- They say that if you wear sunglasses during a cloudy day that you're from Seattle.
- Or just light-sensitive. A thin overcast can admit, and scatter, a surprising amount of light. What's worse, while overcast lowers the general light levels, thus forcing your eyes to dilate, it doesn't really stop much of the solar UV.
- When amber sunglasses became commonplace for the second time in the 1980s, one aspect of their marketing was to suggest that they could be beneficial for night driving, as, rather than darkening the wearer's field of view, they worked by reducing glare and improving contrast, which might prove helpful when driving under the irregular lighting conditions of city lights. Amber lenses distort color far more than other kinds, which would be less noticeable and problematic under mostly-monochromatic nighttime conditions.
- Also when driving in the winter, especially at night since the snow reflects the headlights.
- Trope Namer Corey Hart wears his sunglasses at night, so he can, so he can, keep track of the visions in his eyes. Later subverted: he started avoiding being seen wearing sunglasses under any conditions, because he wanted to be known for more than that one song (seemingly the only song of his anyone outside his native Canada knows).
- Keiji Haino; there are few, if any, photos of him without the ubiquitous shades.
- The former NFL quarterback Jim McMahon is never seen without sunglasses. Even during games he wore a tinted visor on his helmet — perhaps the first quarterback to do so — leading to the nickname "Darth Vader". His right eye is sensitive to light due a childhood accident when he tried to remove a rubber band from a toy gun with a fork.
- Former Miami Dolphins head coach Tony Sparano also wears sunglasses all the time due to getting fryer grease splashed in his eyes while he was a cook during his teens. It left him totally blind for a month.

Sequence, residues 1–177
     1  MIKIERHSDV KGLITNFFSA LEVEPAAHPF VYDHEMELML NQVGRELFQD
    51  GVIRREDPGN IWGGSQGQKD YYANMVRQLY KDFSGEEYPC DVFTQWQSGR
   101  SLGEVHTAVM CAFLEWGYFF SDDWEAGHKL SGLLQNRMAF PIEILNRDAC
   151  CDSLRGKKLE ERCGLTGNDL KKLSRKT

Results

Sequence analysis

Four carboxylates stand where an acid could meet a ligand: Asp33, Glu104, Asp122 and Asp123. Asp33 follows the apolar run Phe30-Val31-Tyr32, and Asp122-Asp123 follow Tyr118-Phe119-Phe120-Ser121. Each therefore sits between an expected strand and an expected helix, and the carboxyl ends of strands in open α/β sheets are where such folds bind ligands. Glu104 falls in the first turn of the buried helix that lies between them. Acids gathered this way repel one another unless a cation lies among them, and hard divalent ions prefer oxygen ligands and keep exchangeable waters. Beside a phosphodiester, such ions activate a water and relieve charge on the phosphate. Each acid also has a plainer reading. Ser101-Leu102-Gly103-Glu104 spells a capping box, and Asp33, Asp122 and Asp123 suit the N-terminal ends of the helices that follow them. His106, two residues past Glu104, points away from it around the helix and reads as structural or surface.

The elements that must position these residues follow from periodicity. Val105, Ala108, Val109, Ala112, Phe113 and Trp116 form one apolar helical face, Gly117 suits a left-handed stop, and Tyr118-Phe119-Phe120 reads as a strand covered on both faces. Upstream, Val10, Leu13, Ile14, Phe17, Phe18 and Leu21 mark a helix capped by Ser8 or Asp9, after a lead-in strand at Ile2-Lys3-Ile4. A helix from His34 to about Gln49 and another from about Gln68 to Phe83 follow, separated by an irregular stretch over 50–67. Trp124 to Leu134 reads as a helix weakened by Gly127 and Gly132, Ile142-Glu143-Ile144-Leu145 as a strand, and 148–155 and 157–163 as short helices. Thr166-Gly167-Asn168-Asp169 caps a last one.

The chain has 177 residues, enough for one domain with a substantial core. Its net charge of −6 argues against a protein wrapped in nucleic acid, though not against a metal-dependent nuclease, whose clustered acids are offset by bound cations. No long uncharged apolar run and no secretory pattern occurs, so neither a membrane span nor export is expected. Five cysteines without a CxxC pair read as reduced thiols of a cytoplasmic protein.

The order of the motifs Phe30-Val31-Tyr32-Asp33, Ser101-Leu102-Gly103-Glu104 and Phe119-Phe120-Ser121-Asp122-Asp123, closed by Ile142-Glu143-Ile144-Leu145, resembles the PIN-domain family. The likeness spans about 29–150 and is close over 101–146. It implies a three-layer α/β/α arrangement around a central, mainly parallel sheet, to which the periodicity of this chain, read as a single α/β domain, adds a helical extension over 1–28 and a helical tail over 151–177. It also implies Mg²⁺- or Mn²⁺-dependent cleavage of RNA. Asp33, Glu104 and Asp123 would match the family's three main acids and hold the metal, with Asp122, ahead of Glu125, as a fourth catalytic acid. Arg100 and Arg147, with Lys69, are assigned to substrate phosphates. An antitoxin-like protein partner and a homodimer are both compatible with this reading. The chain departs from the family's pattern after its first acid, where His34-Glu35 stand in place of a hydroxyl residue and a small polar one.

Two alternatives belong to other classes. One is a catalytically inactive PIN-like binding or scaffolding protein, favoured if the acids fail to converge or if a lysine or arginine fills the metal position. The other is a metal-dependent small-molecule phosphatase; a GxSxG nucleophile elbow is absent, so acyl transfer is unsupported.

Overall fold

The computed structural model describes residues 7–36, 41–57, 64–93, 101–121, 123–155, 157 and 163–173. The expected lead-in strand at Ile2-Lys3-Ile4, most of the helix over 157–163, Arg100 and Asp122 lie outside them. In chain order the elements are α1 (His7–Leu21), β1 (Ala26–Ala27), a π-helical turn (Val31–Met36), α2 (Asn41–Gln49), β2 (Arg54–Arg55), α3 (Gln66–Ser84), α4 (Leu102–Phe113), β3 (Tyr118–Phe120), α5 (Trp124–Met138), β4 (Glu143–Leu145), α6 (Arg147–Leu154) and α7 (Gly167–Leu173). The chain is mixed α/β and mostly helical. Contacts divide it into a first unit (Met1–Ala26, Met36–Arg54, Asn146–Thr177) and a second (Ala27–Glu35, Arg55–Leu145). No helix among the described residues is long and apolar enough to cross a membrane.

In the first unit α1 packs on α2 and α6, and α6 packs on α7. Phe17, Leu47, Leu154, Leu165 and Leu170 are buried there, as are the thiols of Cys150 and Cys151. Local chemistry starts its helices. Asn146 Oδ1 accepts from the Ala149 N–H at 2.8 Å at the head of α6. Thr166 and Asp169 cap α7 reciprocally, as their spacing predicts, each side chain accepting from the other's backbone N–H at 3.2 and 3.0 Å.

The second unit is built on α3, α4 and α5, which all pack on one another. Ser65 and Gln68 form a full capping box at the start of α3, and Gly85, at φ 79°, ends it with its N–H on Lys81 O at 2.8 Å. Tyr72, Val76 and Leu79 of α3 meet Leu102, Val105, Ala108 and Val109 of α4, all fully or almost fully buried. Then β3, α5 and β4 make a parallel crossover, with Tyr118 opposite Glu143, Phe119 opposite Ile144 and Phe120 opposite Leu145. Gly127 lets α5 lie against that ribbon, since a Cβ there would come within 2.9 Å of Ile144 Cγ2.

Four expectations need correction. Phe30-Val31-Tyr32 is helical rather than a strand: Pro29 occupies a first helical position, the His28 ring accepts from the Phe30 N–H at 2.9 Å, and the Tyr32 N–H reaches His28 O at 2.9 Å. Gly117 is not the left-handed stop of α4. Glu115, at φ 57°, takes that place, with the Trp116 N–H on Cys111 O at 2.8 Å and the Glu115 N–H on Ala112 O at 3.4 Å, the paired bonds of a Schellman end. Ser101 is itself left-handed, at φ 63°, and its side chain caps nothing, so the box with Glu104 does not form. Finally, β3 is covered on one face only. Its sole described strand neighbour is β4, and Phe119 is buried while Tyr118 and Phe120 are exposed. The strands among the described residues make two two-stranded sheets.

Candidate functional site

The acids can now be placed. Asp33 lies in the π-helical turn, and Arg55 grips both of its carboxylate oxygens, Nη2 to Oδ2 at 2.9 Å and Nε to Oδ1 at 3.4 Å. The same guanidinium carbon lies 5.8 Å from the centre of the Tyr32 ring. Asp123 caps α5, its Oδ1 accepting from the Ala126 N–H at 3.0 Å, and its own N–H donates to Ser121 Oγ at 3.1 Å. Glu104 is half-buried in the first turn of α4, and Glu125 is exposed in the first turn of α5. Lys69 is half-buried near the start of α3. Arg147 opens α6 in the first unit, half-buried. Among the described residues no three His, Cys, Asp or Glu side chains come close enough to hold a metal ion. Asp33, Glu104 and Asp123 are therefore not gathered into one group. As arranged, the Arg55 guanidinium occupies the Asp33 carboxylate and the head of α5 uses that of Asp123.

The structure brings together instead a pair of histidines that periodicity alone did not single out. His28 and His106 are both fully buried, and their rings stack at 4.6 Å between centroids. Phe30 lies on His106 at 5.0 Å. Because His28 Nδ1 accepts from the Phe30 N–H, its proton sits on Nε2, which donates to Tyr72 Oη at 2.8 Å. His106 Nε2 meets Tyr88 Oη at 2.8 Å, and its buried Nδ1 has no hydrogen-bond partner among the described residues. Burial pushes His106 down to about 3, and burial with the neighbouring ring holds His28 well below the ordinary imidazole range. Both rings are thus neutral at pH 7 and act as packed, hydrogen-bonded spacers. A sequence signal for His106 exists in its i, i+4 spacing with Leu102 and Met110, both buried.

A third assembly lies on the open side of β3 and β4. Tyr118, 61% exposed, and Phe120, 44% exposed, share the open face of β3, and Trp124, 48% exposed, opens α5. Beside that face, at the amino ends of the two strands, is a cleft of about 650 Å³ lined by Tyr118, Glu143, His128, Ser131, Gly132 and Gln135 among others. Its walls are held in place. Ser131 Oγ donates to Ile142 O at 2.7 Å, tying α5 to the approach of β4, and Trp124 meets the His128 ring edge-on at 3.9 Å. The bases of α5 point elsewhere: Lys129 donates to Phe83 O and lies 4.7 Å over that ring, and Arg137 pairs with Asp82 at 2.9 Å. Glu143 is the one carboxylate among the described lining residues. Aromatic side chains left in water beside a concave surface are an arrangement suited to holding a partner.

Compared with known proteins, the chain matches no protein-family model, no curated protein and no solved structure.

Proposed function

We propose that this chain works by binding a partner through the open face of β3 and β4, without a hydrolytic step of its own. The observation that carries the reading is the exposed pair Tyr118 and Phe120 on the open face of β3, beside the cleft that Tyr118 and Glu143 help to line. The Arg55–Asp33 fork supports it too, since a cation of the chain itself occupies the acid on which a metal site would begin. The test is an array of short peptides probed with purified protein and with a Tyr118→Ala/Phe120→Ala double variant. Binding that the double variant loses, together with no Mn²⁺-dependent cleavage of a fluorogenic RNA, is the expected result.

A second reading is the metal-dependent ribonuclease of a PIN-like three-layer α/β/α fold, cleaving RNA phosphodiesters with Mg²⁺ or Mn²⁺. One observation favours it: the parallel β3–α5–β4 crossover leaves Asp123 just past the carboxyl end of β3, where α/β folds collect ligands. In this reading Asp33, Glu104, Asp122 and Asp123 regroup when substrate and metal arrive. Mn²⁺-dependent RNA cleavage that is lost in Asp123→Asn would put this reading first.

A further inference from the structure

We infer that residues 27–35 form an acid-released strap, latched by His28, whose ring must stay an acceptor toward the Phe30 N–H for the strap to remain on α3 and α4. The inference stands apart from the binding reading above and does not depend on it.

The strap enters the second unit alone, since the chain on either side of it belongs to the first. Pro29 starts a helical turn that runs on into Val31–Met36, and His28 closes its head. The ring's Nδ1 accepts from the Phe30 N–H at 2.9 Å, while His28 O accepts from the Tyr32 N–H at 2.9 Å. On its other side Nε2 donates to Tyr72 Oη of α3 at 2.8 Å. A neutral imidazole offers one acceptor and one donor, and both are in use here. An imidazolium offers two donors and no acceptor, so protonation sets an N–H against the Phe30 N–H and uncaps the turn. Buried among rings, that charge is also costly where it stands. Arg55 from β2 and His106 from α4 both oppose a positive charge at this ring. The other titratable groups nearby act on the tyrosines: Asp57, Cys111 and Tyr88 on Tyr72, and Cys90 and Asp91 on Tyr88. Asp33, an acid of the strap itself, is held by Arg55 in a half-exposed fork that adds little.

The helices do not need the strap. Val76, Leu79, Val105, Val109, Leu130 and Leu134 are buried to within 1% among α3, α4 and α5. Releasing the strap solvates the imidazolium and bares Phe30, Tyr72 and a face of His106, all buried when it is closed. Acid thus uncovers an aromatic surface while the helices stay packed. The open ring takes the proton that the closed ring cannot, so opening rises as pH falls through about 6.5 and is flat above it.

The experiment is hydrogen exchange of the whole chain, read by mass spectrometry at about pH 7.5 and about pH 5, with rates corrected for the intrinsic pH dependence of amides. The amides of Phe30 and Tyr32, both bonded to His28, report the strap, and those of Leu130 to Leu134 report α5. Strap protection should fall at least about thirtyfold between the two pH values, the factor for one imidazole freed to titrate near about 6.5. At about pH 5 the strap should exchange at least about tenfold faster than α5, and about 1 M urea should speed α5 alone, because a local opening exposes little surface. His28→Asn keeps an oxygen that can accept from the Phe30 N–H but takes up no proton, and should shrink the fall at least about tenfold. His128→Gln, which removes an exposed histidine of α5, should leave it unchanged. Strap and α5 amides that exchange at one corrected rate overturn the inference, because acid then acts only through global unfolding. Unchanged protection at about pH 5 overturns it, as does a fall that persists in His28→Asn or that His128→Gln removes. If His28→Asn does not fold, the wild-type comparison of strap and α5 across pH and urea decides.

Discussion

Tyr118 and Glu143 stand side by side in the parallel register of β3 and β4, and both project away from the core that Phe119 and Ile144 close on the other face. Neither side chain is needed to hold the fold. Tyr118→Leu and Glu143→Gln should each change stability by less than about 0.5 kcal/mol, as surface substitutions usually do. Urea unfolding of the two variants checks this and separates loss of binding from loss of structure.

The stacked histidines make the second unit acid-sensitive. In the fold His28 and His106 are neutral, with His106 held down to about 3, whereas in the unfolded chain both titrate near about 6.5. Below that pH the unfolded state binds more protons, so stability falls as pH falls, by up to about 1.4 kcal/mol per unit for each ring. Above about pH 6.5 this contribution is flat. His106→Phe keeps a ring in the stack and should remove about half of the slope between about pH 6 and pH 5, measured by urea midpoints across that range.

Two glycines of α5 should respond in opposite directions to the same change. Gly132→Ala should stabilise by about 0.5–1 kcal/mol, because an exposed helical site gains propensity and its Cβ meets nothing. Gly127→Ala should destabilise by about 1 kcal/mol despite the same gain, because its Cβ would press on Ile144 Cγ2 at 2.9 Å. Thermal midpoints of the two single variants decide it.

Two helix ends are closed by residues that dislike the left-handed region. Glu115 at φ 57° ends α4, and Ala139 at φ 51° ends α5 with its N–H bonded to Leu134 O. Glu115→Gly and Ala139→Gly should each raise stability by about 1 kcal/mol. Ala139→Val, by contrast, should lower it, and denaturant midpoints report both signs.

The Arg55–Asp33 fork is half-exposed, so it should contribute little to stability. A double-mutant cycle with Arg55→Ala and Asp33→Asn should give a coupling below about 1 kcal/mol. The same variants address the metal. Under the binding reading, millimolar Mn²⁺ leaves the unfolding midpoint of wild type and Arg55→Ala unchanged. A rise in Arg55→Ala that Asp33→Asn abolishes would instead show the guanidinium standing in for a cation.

- Keiji Fujiwara has become somewhat infamous for being able to read his lines in the dark while wearing shades. Nevermind that he looks absolutely sharp.
- Most albinos, due to their sensitivity to light and possibly disturbing eyes.
- Another medical example is photophobia—which can, with sudden onset, mean you've got brain cancer, and is also a common result of aging. It can result in wearing sunglasses all the time, when symptoms are especially bad and people less than considerate about turning on lights.
- Quite a few poker players take to wearing sunglasses so that other people can't see where they're looking, as that could be a tell at what they have. One of the more interesting pairs of sunglasses is Greg Raymer's "Monster Eye" shades, famously worn during his 2004 WSOP World Championship win.
- While his aren't ubiquitous (the picture on his trope page shows him without them), Shinichiro Miki seems to wear them whenever he's around his Weiß Kreuz cast mates. This includes both inside during their interviews for the DVD extras and during their nighttime concerts.
- Geddy Lee from Rush.
- The late Mitch Hedberg.
- Stan Lee wears sunglasses all the damn time. Why? Apparently, he saw it in a movie when he was younger and it looked cool.
- Dwayne Johnson, better known as "The Rock", does this from time to time.
- Filipino celebrity Randy Santiago wears shades all the time 'cause he has an eye defect. Or rather, because of a classmate poking a pencil in his eye that made the defect worse.
- The United States Secret Service goes for the Sinister Shades look on purpose, to discourage anyone from messing with their "protectees". They also do it so they can stare at someone without being noticed, i.e. no one knows where they are looking.